The crux of it [perhaps]:Anders: But it's not about heroin, not really. Look at me. I'm 34 years old. I have nothing. I can't start from scratch. Don't you understand?
Thomas: I know it's not easy...
Anders: I don't want pity.
Thomas: I know that. I'm just saying you can still make it.
Anders: Make what?
Thomas: Lots of stuff. You've got a family to back you up, friends, brains. Like, come on! Look at the others at rehab. They don't have those opportunities.
Anders: Sure, but they're happy to work in a warehouse and have kids with some ex-raver.
Thomas: Be a loser, if that's what you want.
Anders: No it's not what I want. Fuck, I didn't come here to...I don't need you to tell me to get my act together.
Anders: Remember what you once said? "If someone wants to destroy himself, society should allow him to do so."
Thomas: Sounds like something I'd say. I was probably thinking about promoting junk food, or decriminalizing prostitution. I don't know. But you're not...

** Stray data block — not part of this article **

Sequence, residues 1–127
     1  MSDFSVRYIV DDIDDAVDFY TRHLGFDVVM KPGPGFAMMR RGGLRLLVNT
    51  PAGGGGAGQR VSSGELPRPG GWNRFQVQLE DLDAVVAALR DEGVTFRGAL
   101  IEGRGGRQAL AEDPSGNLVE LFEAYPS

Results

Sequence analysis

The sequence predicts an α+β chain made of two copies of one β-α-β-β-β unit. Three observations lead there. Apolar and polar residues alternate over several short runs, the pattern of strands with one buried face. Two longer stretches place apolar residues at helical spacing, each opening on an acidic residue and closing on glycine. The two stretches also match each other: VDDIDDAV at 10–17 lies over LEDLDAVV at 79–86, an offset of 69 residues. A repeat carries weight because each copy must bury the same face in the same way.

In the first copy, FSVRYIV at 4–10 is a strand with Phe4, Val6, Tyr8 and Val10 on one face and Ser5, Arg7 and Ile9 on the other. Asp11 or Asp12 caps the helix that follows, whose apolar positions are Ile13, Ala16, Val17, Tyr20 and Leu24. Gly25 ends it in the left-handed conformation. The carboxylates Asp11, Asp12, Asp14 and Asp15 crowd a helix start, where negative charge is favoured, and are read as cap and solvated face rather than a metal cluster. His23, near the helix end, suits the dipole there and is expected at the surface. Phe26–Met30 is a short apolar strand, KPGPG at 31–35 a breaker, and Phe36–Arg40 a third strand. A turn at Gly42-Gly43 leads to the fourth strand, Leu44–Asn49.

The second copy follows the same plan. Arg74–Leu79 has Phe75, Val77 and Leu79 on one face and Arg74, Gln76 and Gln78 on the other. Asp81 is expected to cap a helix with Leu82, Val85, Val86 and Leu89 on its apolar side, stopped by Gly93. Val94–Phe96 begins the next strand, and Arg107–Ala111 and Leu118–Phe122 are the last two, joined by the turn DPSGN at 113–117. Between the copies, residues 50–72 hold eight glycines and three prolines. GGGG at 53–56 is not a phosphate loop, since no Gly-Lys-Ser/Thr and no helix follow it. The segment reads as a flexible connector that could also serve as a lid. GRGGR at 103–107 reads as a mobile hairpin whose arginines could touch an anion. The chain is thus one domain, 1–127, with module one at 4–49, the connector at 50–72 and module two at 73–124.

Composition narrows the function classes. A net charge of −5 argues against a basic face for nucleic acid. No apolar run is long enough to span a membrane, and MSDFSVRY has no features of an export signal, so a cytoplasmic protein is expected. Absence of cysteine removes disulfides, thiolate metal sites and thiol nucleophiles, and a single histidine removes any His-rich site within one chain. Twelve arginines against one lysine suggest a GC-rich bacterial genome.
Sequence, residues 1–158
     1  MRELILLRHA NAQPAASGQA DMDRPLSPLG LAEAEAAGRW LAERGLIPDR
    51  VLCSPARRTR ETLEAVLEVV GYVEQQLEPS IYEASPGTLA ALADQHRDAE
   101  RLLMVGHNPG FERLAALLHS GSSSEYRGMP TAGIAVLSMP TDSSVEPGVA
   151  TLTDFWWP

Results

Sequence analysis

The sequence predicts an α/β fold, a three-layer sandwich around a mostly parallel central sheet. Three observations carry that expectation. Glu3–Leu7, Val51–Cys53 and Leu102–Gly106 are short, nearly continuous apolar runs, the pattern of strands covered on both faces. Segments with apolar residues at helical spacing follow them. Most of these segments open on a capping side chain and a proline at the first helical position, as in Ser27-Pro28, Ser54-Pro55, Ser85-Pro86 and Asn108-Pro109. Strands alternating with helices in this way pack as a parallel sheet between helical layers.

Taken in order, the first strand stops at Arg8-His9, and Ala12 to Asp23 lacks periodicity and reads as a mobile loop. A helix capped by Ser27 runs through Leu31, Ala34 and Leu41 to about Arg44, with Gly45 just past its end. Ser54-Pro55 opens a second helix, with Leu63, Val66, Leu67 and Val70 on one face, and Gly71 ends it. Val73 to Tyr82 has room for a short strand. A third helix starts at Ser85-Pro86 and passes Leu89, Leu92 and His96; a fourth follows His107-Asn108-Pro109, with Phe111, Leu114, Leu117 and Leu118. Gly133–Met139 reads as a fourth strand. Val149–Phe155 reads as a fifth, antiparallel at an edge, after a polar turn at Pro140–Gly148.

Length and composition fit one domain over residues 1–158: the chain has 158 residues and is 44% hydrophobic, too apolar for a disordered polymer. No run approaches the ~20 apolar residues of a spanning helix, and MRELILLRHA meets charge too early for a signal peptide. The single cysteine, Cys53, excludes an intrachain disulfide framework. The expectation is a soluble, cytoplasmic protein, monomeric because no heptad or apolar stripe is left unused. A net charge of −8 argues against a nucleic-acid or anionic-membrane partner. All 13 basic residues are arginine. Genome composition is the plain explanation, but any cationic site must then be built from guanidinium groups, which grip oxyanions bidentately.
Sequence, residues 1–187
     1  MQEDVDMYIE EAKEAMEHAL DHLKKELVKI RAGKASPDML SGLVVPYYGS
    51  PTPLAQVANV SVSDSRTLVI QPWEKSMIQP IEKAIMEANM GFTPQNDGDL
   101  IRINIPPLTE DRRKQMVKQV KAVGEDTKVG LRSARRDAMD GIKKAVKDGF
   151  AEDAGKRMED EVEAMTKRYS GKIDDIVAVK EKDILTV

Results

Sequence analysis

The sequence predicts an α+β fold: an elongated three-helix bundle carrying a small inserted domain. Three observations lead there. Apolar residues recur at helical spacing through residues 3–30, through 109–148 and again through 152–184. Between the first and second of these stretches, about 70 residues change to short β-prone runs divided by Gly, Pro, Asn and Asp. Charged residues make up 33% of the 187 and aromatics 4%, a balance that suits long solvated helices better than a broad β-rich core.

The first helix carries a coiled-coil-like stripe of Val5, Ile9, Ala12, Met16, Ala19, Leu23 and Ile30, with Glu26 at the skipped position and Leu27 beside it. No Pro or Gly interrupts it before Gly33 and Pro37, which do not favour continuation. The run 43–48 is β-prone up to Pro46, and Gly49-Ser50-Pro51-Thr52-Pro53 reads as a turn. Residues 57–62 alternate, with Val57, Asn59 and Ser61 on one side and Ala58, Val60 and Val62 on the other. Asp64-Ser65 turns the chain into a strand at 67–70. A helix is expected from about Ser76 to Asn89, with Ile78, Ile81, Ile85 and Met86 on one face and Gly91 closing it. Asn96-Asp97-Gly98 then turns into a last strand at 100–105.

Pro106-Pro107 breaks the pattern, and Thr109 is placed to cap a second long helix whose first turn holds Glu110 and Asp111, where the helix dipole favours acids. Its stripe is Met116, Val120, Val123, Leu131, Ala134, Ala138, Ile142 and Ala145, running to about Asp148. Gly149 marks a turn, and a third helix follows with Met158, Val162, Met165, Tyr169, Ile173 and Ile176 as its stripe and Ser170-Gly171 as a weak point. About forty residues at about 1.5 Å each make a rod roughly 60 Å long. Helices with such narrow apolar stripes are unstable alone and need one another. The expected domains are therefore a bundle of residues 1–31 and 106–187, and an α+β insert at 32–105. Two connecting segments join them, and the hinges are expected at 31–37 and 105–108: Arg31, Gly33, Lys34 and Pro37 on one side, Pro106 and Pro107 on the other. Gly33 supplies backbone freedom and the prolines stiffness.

Anders: I'm a spoilt brat who fucked up. If you're unsentimental about it, nobody needs me. Not really.
Thomas: You expect me to be unsentimental about this?
Anders: No. I'm just trying to...I just want you to understand. If that's how it ends, it's a choice I've made.
Thomas: But you can't go telling me that. That's horrible, Anders. I mean, you mustn't do it, no matter what happens. I can't relate to you telling me you're planning to commit suicide. Is that what you're saying?
[the look on Anders's face: yes]